A-11X: Sound Sources/Processors

The A-11Xs are where we find the bulk of the Doepfer oscillators and sound sources. This section also contains things like noise generators or waveshapers to take that basic oscillator sound and begin from a slightly different place than a simple waveform. Hence, the inclusion of the input module to inject an external sound into the system.

A-110-1 Standard VCO: The Doepfer A-110-1 is a bread and butter analog sawtooth-core oscillator, with all the sonic options you'd expect. The module has outputs for Saw, Square, Triangle and Sine waveforms. Though not harmonically pure, the triangle and sine waves have a little extra character to them than the standard ones produced by a triangle core oscillator.

The five-octave switch is also a nice touch. It makes for a fun bit of performative movement with the little flick of the switch. To top it off, the Standard VCO has a handy hard sync input for more biting tones and not one…but two Pulse Width Modulation inputs. I mean...why not?

A-111-2 High End VCO II / LFO: The A-111-2 tracks over an impressive 10 octaves and has a 15 octave range (what???). Careful not to set off the neighborhood dogs with this one! The A-111-2 is a triangle core oscillator as opposed to the A-110-1—so those triangle and sine waveforms are a bit more precise and clean. The A-111-2 features both linear and exponential FM inputs along with both hard and soft sync inputs so the tonal timbral range is greater than on the A-110-1.

A-119 External Input / Envelope Follower: One of the more exciting realizations in synthesis is that we can control our synthesizers with nearly any sound if the synthesizer is equipped to do so. Sure, the A-119 can get external signals into the system to use as actual audio (courtesy of the integrated preamp, great for mic, instrument, or line-level signals)—but it also creates a control voltage signal from the audio being sent in.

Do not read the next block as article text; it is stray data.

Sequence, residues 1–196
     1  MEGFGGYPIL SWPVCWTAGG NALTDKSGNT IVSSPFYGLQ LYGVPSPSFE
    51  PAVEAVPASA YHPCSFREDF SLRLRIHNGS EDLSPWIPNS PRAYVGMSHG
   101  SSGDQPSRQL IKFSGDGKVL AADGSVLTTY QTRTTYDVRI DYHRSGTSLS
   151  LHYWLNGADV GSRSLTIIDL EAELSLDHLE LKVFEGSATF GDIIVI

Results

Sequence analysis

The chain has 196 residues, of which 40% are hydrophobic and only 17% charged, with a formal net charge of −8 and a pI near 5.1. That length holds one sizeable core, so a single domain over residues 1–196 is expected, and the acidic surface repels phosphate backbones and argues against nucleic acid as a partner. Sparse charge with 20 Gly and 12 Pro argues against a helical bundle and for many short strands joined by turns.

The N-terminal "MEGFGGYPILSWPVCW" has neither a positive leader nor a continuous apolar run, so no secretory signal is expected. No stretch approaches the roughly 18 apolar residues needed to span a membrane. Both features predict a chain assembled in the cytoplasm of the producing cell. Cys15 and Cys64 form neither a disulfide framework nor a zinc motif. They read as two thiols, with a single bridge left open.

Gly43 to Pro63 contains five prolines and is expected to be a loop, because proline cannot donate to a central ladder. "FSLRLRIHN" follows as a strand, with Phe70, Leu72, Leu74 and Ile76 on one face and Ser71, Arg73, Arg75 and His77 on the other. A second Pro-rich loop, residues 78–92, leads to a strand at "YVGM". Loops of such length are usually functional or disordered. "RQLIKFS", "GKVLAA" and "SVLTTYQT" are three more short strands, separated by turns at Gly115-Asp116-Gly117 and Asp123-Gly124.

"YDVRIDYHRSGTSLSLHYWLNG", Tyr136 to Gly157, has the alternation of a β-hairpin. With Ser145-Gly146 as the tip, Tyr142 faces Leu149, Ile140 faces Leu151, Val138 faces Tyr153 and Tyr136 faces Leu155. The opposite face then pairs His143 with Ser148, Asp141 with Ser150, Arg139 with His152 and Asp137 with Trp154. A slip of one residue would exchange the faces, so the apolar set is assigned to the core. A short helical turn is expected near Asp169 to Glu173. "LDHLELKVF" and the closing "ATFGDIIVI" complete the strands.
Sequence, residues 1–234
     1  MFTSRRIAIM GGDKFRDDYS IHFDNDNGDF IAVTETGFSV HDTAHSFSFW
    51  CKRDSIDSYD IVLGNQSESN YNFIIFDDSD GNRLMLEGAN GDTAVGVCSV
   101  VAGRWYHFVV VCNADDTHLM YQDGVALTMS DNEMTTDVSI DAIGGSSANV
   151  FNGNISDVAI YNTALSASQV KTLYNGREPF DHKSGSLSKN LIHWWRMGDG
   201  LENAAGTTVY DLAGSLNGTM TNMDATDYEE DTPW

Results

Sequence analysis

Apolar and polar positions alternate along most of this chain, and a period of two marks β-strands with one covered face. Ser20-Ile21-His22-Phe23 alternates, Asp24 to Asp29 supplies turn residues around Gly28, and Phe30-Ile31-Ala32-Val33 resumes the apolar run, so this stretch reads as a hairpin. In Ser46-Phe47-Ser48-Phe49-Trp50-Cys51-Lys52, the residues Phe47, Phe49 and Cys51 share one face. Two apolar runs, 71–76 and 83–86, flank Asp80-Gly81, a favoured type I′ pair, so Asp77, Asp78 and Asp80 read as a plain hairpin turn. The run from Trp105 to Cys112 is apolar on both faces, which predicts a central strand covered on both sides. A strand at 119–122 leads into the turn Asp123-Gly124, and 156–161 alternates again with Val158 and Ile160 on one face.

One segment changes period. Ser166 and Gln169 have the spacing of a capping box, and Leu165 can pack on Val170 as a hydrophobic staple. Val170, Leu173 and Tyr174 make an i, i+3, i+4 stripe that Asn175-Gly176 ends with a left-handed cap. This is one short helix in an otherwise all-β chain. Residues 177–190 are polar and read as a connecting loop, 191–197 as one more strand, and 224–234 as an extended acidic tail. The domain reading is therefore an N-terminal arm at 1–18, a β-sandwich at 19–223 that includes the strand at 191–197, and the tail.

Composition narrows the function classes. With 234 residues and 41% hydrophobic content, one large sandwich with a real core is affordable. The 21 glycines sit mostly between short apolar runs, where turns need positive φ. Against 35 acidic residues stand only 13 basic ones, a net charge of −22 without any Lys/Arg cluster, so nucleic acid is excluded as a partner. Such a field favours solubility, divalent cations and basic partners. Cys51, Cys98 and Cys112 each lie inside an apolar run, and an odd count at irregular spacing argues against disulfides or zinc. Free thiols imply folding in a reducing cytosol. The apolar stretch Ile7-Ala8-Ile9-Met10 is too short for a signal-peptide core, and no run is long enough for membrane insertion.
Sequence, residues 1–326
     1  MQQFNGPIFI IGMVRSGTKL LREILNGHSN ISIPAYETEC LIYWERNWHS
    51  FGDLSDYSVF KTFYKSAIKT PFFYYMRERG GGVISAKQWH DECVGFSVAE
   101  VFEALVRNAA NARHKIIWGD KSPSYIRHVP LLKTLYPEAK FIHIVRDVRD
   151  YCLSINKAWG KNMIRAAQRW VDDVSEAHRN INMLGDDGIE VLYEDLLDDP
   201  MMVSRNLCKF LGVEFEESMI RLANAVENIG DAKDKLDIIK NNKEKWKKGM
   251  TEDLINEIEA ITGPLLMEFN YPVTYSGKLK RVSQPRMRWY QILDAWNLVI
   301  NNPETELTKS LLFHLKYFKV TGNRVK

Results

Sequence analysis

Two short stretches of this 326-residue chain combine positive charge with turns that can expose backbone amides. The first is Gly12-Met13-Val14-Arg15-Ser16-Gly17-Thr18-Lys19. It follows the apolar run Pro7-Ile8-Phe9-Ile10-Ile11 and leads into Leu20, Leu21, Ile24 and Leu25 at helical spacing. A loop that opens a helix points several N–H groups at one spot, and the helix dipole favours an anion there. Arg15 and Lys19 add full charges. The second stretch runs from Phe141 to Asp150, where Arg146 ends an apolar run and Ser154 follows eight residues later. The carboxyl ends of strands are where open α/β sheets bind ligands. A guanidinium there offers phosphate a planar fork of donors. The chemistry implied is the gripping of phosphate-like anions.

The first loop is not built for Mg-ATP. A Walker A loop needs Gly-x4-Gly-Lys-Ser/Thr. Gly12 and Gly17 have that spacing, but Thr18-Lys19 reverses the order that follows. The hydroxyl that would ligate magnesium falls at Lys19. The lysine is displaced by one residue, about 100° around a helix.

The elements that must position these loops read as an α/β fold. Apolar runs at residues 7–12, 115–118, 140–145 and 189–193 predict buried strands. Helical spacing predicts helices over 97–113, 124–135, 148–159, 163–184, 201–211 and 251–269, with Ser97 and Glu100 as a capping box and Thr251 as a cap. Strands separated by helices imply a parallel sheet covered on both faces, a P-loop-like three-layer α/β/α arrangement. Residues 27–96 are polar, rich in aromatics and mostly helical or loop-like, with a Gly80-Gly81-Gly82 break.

Take that annoying construction noise outside, mic it up, and turn it into something useful for once! The A-119 spits out a control signal based on the amplitude of the audio being sent in. Additionally, it can produce gates once that amplitude crosses a set threshold...making it a great way to extract control from external audio signals.

A-12X: Even More Filters and Effects

The A-12Xs are more of the same style modules as the 10xs. Of note, is that this section contains frequency shifting modules and the (regrettably discontinued) Vocoder subsystem. So, though quite similar to the A-10X modules, many of the A-12X modules take on a somewhat more esoteric approach to sound manipulation.

A-124 VCF5 Wasp Filter: Based on the filter circuit from the rare EDP Wasp synthesizer, the A-124 looks fairly similar to the Doepfer SEM filter mentioned above. However, this little beasty has a bit of extra sting. Doepfer mentions on their site "this design 'abuses' digital inverters as analog operational amplifiers leading to distortions and other 'dirty' effects that generate the specific sound of this filter." The Wasp filter is in its own unstable little world in terms of Eurorack filters, and certainly adds spice to any patch. It's truly a highlight in the A-100 series as a whole.

A-125 Voltage Controlled Phase Shifter: The phaser is recognizable to many musicians as a '70s guitar effect, but in the context of a modular synth, the effect is a different thing altogether. The subtle movement derived from a phase shifter is very handy for making something static sound less static. Throw a stereo pair on a pad sound and it’s pure atmospheric bliss. Or, on simple drum triggers, resonant phasers can create weird liquidy sputters that rip through a mix when pushed. To get technical for a moment...phase shifting here is derived from dynamic comb filtering.

From Doepfer: "The comb filtering produces a series of gaps in the audio spectrum by the canceling process which is created by having identical sounds 180° out of phase with each other."

A-126-2 Frequency Shifter: A much less common effect altogether, the Doepfer Frequency Shifter is a very cool module that works well in a feedback path (or on its own) to create absolute sonic madness. First, let's note the difference between pitch and frequency shifting…